Are western capitalist democracies immune to such practices and discourses? Various pieces of evidence show that it is obviously not the case. A significant amount of so-called rational concepts and ideas are deeply rooted in invisible forces. Think about Adam Smith’s “invisible hand” that is meant to drive market forces; about the (non-popperian) concept of charisma that is frequently used in politics but very rarely demonstrated ; or the relevance of opinion polls for decision-makers where opinion analysts are turned into modern haruspices who drive “opinion-responsive government”. Political science itself is often embedded in what Bernard Lacroix calls the “animist tradition” (Lacroix 1984) where scholars grant existence to legal or scientific fictions: the State does this; the market is receptive to such and such incentives ; there is a social demand for such projects, and so on.

A set of questions can help structuring the roundtable:

1. Who can be held as magicians, sorcerers and witches in allegedly rational society? Are we not facing magic when policy designers and reformers claim they can solve problems rationally, when they offer new problematisations to old problems, new “paradigms” (Hall 1993), “causal stories” (Stone 2001) or “narratives” (Roe 1994). They may bring new reasons to believe in the way the State and administrations can make a difference, they may boost the illusio and libido of disenchanted civil servants and citizens (Gaxie 1999: 9). To what extent can experts be held as magicians for policy-makers who are in need for “miracle solutions”, notably in critical junctures (Fischer 1990)?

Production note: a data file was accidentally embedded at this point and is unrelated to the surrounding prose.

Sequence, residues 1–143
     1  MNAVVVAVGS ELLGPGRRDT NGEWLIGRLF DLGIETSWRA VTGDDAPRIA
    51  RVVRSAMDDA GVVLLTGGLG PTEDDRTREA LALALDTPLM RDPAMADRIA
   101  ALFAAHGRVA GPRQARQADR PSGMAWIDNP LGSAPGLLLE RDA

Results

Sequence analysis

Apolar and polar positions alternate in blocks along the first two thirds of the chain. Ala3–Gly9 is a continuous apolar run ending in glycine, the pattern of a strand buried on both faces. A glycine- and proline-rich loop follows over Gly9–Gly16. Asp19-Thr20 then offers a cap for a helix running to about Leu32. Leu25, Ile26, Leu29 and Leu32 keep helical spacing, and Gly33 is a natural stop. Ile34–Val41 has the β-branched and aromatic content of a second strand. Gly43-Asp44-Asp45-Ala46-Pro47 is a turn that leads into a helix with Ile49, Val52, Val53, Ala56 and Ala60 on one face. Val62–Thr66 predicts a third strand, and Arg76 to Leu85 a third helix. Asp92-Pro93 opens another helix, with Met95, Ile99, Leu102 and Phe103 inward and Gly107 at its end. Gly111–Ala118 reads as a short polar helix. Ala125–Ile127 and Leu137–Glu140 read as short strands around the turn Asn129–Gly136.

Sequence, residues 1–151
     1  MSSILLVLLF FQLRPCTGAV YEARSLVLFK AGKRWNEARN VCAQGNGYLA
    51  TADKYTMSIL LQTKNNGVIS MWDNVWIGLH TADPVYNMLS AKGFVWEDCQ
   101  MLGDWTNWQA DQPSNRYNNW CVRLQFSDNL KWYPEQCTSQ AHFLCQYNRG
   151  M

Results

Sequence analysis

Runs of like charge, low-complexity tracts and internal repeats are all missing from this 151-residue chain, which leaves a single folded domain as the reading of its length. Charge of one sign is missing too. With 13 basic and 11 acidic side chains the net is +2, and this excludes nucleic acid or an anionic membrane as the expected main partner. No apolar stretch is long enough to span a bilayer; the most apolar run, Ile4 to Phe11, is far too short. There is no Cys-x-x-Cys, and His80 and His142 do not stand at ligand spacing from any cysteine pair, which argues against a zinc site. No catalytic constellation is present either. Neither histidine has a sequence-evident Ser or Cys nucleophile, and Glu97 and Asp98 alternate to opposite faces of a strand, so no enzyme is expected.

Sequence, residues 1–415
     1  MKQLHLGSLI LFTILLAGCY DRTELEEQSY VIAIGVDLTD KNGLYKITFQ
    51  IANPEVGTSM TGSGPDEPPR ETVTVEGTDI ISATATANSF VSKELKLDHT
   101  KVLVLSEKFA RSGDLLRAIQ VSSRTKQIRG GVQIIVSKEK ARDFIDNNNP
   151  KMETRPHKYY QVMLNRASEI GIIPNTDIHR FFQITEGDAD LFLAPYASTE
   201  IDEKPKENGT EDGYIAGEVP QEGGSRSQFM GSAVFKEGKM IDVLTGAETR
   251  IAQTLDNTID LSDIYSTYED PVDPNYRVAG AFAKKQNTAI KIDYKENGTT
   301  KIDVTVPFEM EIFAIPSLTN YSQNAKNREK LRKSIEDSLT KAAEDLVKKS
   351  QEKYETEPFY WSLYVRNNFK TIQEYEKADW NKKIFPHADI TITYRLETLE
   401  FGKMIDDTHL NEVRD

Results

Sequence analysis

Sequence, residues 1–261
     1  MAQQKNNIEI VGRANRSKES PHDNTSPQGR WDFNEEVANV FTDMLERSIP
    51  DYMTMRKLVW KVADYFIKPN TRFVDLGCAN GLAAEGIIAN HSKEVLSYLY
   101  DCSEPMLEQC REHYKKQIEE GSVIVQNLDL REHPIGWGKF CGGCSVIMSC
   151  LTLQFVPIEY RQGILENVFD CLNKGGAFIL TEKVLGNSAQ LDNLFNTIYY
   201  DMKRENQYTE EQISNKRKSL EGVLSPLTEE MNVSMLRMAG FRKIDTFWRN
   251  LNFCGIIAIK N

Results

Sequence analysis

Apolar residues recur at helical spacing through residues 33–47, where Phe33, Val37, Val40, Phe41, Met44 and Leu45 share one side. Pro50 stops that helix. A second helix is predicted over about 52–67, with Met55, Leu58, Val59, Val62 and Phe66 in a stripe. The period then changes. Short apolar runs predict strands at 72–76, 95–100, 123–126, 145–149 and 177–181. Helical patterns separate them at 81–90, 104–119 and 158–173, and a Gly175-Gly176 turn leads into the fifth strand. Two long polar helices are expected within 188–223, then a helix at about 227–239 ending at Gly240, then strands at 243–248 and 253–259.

2. In a similar vein, to what extent are politicians and their partners sincere/cynical when they claim “yes we can”, “le changement, c’est maintenant” or “Podemos”, although policy analysis has now shown for decades that the policy process was not only a “policy mess” but also locked in path dependent processes? Are we meant to be left disenchanted or do we have to redefine or better conceptualise the nature of truth? What is the status of truth for decision-makers: a fake illusion? A dirty manipulative trick designed to convince gullible masses? Or a myth in the Antique sense of the term (Veyne 1988)?

3. In this respect, the contributions of policy analysts and scholars should be taken into account since they are very close to – and sometimes embedded in – the field they are meant to study. Through their articles, books, reports, do academics contribute to re-arrange, to put in words and scientific order what is usually a policy mess?

4. To open up the debate even further, one can wonder about language as a political resource, since it is a mean to construct beliefs about the significance of events, of problems, of crises, of policy changes, and of leaders, in order to legitimise certain courses of action, threaten or reassure people so as to encourage them to be supportive or to remain quiescent. As we know, the symbolic dimension is a crucial component of public policy, but who are the sorcerers of language and numbers (Porter 1995)?

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Frank Fischer is Distinguished Professor of Politics and Global Affairs at Rutgers University (the State University of New Jersey in the United States). He teaches environmental politics and policy, public policy analysis, U.S. politics and foreign policy, economic policymaking. He is also a senior faculty fellow at the University of Kassel in Germany. He is currently KIVA Gastprofessor at the Technical University of Darmstadt in the Department of Political Science.
He has received a number of awards, including an Aaron Wildavsky book award and the Policy Studies Organization's Harold Lasswell award for scholarship in the field of public policy, a Charles Taylor book award at APSA, and one for excellence in teaching.